Chesterton Tribune

Rain gardens urged to help soak up standing water in low areas

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Not every episode of standing water on a residential property following a rain event, even if it takes a few hours to drain away, can be characterized as a drainage problem, let alone flooding.

While some stormwater problems do require maintenance of existing structures or costly construction of new conveyance systems, an easier fix for temporary standing water was proposed Monday by Town of Porter officials.

They suggested residents plant those areas with rain gardens of deep-rooted native plants that soak up stormwater. Additionally, town Public Works superintendent Brenda Brueckheimer said residents could use rain barrels to collect stormwater instead of it washing away from downspouts onto the ground.

The town has cooperated with other agencies before to explain these options, but Brueckheimer said itís time to reinforce the message as the Porter Stormwater Management Board reviews dozens of forms submitted by residents detailing drainage problems.

Porter has a stormwater master plan and conditions in some areas already have been improved.

Others, like Marquette Street where large trees were felled this summer and the swales still to be regraded, are being addressed. Yet a few areas, it was noted Monday, like Munson Ditch will require extensive engineering and inter-agency cooperation --- not to mention money --- to bring about meaningful relief for larger affected areas.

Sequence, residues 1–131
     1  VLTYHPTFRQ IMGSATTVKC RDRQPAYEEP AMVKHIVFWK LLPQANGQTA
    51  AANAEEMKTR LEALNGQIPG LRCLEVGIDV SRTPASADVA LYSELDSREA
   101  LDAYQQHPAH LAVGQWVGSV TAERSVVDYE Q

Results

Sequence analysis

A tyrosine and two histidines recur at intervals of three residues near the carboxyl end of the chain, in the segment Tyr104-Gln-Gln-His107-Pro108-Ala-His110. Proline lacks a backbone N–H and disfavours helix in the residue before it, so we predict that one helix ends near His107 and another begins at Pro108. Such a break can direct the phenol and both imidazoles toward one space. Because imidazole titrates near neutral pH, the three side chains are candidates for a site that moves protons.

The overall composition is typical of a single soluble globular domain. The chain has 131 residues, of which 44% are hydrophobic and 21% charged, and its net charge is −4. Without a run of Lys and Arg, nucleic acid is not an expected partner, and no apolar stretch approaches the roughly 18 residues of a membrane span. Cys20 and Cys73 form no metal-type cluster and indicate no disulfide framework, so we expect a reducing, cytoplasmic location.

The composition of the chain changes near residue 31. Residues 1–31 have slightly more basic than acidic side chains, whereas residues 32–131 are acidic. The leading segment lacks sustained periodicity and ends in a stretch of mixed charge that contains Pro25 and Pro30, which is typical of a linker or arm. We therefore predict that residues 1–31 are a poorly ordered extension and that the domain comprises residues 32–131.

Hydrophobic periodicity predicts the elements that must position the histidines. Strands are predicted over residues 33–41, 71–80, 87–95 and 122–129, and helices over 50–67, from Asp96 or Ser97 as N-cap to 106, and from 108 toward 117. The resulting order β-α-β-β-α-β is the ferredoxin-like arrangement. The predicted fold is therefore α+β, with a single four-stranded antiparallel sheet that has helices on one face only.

Brueckheimer, town director of engineering Matt Keiser and Stormwater Board president Bill Cantrell took each form received, matching it to a large map of the town, assessing the situation, then brainstorming the best way to address the problem.

Brueckheimer said in some subdivisions property owners have planted trees, built structures, garden features and fences across drainage easements making it difficult to access and maintain them.

In other areas the solution could be as easy as making a curb cut, cleaning drains, opening blocked culverts or extending a curb to channel water in a different direction but there are no guarantees, said Brueckheimer.

Sometimes the reason for a problem is easy to spot. ďIf your house is lower than the road, water runs downhill,Ē observed Cantrell.

Waverly Heights, Porter Beach, Dune Forest, Dune Meadows, East Oak Hill Road, Wagner Hills, Hunters Glen, Porter Cove, Portage Avenue, Beam Street, even downtown Porter --- all were represented by drainage complaints discussed during the meeting.

It was noted what hasnít worked in established subdivisions is apparent now and town officials need to be especially watchful that those problems arenít replicated in new developments.

Keiser also said some of the drainage problems around Indiana 49 and U.S. 20, most notably near Munson Ditch, might be addressed using money pledged by the Northwest Indiana Regional Development Authority for Porterís Gateway to the Indiana Dunes redevelopment project in that area.

Porter is receiving a Lake Michigan Coastal Program grant to purchase land at Munson Ditch so the town can maintain it if Porter County relinquishes jurisdiction over the regulated drain.

Once a comprehensive Munson Ditch project is engineered and completed, said Brueckheimer, ďIt will take care of the whole southeast side of town.Ē



Posted 9/20/2011